The other major front has been ongoing work to bring more businesses and vibrancy to the downtown area, which, as Smith noted, was more of a destination 30 or 40 years ago, and can be again through developments like the Center Village project and others that might come to the drawing board because of it.

The broad goal, he said, is to create a walkable downtown and an attractive mix of businesses that will effectively serve those living in Wilbraham and surrounding communities.

“Looking north and south on Main Street, we have a farmers’ market now at the church once a week, and some activity at WMA,” he said. “So we want to look at the whole picture of the way vehicles and pedestrians interface, and revamp that. The first concern would be safety, and the second would be convenience — and it’s convenience that attracts people. There’s a snowball effect.”
He said similar efforts to revitalize town centers and downtowns are taking place in communities across the country, and those on the committee are looking at what communities of similar size and demographics are undertaking to do some benchmarking and adopt best practices.

“The ultimate goal of the Economic Development Committee is to be a liaison for businesses locating in Wilbraham,” Smith explained. “We want to help out and be a liaison between the municipality, the permitting authorities, and the actual businesses, with the ultimate goal of getting that message across that we are open for business.”



After the Fire

The top of Courniotes Hall is covered with plastic

The top of Courniotes Hall is covered with plastic now while AIC leaders discuss both short-term winter preparations and a long-term strategy for the building.

When a lightning strike set fire to Courniotes Hall at American International College (AIC) on July 27, the safety of everyone in the building was the paramount concern; fortunately, no one was hurt.

The longer-term concern is for the future of the heavily damaged building, and that process has only begun.

In between was one key question: what to do with all the health programs based at Courniotes and all the students and faculty who typically work and learn there — and do it before the fall semester, which was only a few weeks away.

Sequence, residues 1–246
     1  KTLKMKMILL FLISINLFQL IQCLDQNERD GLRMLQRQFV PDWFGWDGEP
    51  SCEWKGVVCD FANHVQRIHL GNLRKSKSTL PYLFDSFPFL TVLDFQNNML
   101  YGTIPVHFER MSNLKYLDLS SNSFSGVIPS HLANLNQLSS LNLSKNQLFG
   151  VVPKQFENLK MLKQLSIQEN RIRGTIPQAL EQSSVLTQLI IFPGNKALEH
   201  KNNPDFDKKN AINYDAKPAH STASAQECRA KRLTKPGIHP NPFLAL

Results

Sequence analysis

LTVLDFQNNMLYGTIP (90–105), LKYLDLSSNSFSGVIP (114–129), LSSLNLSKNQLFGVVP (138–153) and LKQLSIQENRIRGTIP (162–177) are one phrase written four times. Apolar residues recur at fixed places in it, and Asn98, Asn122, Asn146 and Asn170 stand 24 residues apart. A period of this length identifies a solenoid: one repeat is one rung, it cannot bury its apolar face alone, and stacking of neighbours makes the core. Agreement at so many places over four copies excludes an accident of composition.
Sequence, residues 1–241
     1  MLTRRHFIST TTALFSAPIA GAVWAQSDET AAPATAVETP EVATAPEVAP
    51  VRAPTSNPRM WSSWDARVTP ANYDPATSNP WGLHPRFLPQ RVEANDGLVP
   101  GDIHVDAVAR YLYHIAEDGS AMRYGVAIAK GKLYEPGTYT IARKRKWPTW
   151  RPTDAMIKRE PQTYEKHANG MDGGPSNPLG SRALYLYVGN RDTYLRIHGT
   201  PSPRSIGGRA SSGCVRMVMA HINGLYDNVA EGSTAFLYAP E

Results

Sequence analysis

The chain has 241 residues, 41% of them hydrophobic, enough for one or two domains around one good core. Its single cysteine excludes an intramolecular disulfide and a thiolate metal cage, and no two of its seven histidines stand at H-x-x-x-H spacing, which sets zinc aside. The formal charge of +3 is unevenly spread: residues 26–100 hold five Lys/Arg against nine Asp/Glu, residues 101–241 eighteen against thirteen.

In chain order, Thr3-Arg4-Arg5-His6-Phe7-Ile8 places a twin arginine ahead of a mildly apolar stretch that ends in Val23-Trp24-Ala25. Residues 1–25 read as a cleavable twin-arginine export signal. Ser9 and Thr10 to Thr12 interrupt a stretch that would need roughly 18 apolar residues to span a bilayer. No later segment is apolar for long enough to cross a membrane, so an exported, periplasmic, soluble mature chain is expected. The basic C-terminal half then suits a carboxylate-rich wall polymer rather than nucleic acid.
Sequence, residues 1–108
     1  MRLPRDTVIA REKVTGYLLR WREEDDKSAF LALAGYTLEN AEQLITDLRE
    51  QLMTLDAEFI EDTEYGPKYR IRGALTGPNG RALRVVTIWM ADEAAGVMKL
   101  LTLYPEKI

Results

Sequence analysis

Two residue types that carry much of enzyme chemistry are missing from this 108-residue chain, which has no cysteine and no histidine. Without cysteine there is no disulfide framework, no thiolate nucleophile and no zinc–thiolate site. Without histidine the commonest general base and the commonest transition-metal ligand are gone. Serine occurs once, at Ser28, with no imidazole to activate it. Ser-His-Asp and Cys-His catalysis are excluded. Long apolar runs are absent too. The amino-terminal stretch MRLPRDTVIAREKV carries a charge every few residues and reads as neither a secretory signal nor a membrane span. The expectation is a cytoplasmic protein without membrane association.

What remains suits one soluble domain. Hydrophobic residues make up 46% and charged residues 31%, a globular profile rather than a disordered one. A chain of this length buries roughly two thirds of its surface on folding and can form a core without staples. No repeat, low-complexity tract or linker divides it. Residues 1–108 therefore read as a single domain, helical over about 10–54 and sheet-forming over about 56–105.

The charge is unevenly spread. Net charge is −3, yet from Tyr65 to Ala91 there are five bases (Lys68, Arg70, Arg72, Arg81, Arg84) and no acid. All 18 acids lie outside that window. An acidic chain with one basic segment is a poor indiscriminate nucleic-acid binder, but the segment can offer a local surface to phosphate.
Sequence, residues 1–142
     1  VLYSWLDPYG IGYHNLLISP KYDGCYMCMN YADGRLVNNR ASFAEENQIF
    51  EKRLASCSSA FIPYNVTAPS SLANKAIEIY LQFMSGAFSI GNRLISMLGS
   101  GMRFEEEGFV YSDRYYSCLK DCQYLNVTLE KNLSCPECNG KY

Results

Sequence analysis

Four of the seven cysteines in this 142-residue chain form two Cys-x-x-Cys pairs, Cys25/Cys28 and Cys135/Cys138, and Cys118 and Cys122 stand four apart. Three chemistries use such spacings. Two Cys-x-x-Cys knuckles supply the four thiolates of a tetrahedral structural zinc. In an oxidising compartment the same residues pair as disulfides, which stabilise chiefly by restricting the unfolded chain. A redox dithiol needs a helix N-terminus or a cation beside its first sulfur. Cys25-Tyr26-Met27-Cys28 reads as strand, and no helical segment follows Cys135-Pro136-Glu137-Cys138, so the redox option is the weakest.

That process has not been easy, and it’s far from over, said Karen Rousseau, dean of the School of Health Sciences at AIC. But with no programs or classes curtailed (though many have been relocated), the experience has been a valuable lesson in pivoting — and may pose opportunities to “reimagine” the design of the building once it’s repaired and renovated.

“The night of the fire was pretty devastating, but immediately the next morning, we got to work trying to figure out where to put classes that were housed in that building and how we would function,” Rousseau told BusinessWest, listing challenges from replacing the nursing program’s simulation-lab equipment to relocating cadavers and identifying new space for physical and occupational therapy labs and a large number of classrooms.

Part of the solution was finding temporary space in the Colaccino Center for Health Sciences, across State Street from Courniotes Hall, as well as other buildings on campus. Meanwhile, most of the nearby colleges and universities (and some from across Massachusetts) reached out offering space.

AIC took up one offer: from UMass Medical School – Baystate, located in Tower Square in downtown Springfield, which offered not only classroom and faculty space, but also storage for equipment and free parking for students.

“The night of the fire, we had students come to watch it, and they were concerned and sad. But we said, ‘we’re going to make sure it’s business as usual. We don’t know what it is right now, but we will make sure it’s OK for you.”

“UMass fortunately had this space that they weren’t using a tremendous amount; they use it for their accelerated baccalaureate program, but they’re mostly out on clinical placement in the fall,” Rousseau said. “So it was serendipitous that we were able to work around their schedule; primarily, it’s our junior nursing class that needed labs in the fall.”